The NCAA’s penalties announced yesterday against Penn State’s football team were swift, decisive, relevant and appropriate, based on the “lack of institutional control” over the football program that lead to giving higher priority to protecting the program’s and its coach’s reputations than to protecting the child-rape victims.
Perhaps we should put the NCAA in charge of Wall Street, with power to levy sanctions where lack of institutional control has been largely unpunished despite actions that brought down the entire economy.
I love a good poker game. To rationalize my desire to play a lot, I side with those who claim poker to be a game of skill, which happens to be affected by luck. In that vein, Poker is like a variation of Day Trading rather than just pure gambling. In both Day Trading and Poker, you place very short-term investments (wagers) based on limited information, with a commitment to realize your gains or losses prior to the end of your session. Your gains and losses are affected significantly by the actions of others and by random forces that you cannot control. In fact, good poker players may have more and better information for their decisions than day traders.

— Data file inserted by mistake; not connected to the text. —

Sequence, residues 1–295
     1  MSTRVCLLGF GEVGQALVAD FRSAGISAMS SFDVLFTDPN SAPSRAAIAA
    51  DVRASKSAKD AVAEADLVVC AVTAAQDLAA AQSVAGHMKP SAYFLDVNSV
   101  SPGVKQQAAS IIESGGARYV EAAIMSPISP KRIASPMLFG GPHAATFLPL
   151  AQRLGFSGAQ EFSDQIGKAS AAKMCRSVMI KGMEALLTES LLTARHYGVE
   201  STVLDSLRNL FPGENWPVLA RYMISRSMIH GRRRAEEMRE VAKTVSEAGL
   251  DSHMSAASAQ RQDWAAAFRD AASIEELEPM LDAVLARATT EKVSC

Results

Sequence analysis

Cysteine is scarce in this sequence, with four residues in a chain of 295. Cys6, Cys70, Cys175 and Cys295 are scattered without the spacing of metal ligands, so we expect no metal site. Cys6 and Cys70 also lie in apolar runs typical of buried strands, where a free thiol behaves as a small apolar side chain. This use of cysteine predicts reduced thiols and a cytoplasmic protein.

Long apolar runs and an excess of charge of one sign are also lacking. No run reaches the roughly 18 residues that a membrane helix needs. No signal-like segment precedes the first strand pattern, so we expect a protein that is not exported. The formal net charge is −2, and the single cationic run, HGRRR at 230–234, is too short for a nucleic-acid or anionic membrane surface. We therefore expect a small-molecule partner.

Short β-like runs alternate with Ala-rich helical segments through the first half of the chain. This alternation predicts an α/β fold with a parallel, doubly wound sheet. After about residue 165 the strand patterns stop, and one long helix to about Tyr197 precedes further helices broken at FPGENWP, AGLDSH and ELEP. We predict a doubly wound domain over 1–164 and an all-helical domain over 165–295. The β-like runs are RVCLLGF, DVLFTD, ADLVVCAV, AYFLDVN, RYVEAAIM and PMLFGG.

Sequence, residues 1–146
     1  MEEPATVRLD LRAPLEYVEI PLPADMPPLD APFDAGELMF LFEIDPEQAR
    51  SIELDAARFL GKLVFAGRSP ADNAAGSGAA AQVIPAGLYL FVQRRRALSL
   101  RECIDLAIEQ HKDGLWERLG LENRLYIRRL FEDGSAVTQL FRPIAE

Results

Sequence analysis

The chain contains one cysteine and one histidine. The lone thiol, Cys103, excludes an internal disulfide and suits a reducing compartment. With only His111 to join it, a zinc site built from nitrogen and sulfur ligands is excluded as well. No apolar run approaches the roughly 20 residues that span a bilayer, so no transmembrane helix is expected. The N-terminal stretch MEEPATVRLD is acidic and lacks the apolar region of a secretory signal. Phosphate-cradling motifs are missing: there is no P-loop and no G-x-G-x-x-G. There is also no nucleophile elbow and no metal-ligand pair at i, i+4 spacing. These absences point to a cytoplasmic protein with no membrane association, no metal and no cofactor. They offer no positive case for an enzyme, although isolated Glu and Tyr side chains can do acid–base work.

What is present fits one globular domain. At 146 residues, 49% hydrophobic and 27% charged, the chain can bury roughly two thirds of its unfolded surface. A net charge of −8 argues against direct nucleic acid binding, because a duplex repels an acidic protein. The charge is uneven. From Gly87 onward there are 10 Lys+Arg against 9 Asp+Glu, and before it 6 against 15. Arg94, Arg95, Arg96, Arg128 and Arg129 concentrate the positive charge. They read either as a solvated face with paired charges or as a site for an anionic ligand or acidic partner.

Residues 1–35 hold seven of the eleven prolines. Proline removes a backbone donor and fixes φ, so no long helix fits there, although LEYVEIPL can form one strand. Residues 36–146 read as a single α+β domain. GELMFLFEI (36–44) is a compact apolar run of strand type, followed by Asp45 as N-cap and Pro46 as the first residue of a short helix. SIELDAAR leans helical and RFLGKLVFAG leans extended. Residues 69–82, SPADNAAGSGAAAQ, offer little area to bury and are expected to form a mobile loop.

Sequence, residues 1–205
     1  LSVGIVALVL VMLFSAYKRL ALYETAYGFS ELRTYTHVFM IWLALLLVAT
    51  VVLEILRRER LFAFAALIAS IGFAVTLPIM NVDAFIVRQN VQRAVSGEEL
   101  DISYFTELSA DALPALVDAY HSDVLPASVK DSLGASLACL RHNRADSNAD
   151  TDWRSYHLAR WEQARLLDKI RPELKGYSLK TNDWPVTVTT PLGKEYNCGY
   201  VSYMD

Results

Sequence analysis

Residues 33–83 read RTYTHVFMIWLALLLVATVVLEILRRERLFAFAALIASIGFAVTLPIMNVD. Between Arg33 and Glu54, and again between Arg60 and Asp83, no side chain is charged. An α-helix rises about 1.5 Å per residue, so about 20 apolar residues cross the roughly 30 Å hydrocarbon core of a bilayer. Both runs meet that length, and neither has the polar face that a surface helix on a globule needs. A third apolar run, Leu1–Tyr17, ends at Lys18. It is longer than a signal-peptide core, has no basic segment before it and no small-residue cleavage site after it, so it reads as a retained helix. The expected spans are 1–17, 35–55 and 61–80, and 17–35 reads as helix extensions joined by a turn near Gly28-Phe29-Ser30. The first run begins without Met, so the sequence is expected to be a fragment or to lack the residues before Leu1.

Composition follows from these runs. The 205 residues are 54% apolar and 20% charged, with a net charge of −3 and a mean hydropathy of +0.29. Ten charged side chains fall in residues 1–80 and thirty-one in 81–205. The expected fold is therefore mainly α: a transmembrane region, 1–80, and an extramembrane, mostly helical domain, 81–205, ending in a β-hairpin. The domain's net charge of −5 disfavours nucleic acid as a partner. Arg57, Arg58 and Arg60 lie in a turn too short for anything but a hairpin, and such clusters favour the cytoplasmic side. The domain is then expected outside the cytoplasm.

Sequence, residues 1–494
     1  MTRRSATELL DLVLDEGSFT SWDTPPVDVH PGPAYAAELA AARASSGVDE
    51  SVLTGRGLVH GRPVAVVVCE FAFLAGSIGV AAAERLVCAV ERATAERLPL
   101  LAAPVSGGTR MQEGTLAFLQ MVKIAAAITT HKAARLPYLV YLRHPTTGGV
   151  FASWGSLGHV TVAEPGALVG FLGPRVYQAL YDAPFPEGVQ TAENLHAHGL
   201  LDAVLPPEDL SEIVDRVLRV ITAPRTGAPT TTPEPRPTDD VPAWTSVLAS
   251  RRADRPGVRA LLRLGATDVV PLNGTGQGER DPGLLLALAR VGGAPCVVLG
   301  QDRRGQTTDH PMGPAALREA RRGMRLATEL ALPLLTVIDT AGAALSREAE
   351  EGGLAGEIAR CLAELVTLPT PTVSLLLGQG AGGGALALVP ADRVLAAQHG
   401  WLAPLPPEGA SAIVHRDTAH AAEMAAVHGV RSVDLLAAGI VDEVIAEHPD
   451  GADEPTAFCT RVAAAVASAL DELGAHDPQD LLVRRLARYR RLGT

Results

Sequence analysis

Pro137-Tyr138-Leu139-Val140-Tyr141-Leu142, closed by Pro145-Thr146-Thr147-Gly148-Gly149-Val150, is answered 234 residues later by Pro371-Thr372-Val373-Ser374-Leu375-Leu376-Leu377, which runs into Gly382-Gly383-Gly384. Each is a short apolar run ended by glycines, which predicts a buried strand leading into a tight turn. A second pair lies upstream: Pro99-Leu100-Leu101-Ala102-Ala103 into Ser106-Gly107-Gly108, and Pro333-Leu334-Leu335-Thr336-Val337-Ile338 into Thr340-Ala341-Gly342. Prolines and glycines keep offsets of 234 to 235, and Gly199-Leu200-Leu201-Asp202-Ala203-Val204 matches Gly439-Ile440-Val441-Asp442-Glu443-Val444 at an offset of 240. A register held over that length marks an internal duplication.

In honor of JP Morgan Chase’s multi-billion dollar trading loss, I have invented a new poker game. Designed for very high rollers, it is called “JP Morgan.”
In “JP Morgan,” instead of betting that you will win, you bet on whether you think you will lose. If you are right and you actually do lose, you lose the pot. You will not be rewarded for losing even if you bet on that outcome. But if you are wrong and you win the poker hand in spite of betting against yourself, you also lose the pot since you made the wrong bet.
At the end of each hand, the money in the pot is flushed down the toilet. Nobody ever wins.
Then each player at the table who did not participate in the betting action is required to ante up some additional money to tip the dealer, who must be compensated for making all of this possible.
A continuation from the last post…
The next morning came, and I dutifully showed up at the coffee shop at 8 am. I don’t drink coffee anymore, only hot tea in the mornings. Over six years ago, I quit drinking coffee cold turkey on Labor Day weekend. Haven’t had a single drop since. I was drinking way too much, and the excess caffeine made me jittery and the acidity was causing some GI distress. So I just quit.
When I meet someone in the mornings, usually for business networking to get acquainted or re-acquainted, I still refer to this as a “cup of coffee” meeting. Sorry I digress. I bought a cup of black tea and waited.